Trumpeting Final

“Trump”-eting: Marketing Your Way to Inauguration Day [3 Key Takeaways]

Friday. Inauguration day. Doomsday. It’s the end of the world as we know it, and I feel fine.

Ok, this article is NOT a political rant. However, there will be the occasional stab. If you’re okay with that, let’s continue!

Regardless of your political sway, as marketers there are some positive points we can all learn from in regards to the way the Trump Presidential campaign was constructed. And, unlike most of the President-elect’s Tweets, these points will be accompanied with facts. Oh SNAP!

Here are 3 positive aspects of the Trump Campaign that we, as marketers, can learn a great deal from!

1. Spend Smart

Looking at the graph below from the New York Times, we see where Trump’s Ad spending stacks up against other Presidential hopefuls as of February of 2016.

2016_Presidential_Candidate_Ad_Spending

*source The New York Times

Wow, Trump is nearly square in the middle. Trump’s ad spending was less than half of Clinton’s, and by September of 2016, Trump had spent only about 1/5th of Clinton’s campaign.

What He Did

Rather than spending money on ads, The Donald looked to social media and earned media to drive up one of the most important brand quantifiers: Recognition

Trump raised far fewer dollars than Clinton, so he spent them well. By staying active in social media, he used his polarizing remarks (which he could control) to lead to active earned media responses (which he could not control). While his social media rants were often hateful, these responses lead to a strong Brand Recognition, strengthening his grip on his target market. He was able to find the “forgotten customer” and play to their wants and desires.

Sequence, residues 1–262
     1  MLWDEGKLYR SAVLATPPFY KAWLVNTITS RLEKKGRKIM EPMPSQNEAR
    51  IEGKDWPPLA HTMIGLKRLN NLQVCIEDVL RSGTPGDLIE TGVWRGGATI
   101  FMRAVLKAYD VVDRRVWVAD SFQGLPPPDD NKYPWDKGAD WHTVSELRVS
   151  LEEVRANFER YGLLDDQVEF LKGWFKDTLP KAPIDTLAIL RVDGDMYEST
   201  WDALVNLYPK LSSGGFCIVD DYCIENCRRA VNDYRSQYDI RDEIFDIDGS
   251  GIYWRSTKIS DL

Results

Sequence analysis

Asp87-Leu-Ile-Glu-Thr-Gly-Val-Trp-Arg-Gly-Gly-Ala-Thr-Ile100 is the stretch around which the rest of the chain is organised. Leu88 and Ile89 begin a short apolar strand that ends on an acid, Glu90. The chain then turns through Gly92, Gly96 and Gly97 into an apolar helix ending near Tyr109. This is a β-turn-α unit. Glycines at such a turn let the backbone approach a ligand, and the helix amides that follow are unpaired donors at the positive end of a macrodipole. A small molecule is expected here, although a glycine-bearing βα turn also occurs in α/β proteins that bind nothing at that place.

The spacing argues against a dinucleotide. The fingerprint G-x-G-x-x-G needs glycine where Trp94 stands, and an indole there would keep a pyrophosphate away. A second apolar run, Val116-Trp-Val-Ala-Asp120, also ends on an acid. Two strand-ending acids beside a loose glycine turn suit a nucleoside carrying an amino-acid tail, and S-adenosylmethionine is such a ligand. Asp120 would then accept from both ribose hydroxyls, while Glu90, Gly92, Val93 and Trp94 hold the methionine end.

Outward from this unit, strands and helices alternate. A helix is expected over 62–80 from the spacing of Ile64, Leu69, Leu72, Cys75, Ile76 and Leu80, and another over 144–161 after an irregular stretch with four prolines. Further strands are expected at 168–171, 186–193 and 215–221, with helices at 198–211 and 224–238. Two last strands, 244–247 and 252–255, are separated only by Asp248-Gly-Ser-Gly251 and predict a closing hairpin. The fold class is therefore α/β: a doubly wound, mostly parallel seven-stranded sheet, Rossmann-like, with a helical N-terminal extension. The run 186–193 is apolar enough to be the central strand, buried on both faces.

Currently, Donald Trump has 20.1 MILLION Twitter followers and over 17.6 million Facebook Likes, compared to Clinton’s 12.1 million and just over 10 million Facebook Likes.

What We Can Learn

Consider your ROI on every possible marketing dollar spent. Is there a way to get an exponentiating return? What if you had half as much marketing dollars to spend than your main competitor? Would you make different choices? If yes, why? Asking these types of questions can help identify areas of neglect where your should be spending your marketing budget.

Next, consider spending in marketing channels that may not be the strongest, but may have less competition which will bleed over into other channels. This has two advantages:

  1. you can begin to dominate the channel (due to less competition)
  2. increased opportunity to bleed into other channels creating exponential return

For example, event marketing is usually not the strongest place to spend your marketing dollars. However, events have very little competition and a high chance of bleeding over into other channels. High profile events are often covered by news media, both written and television, and more often than not begin cycling up social media engagements within your industry.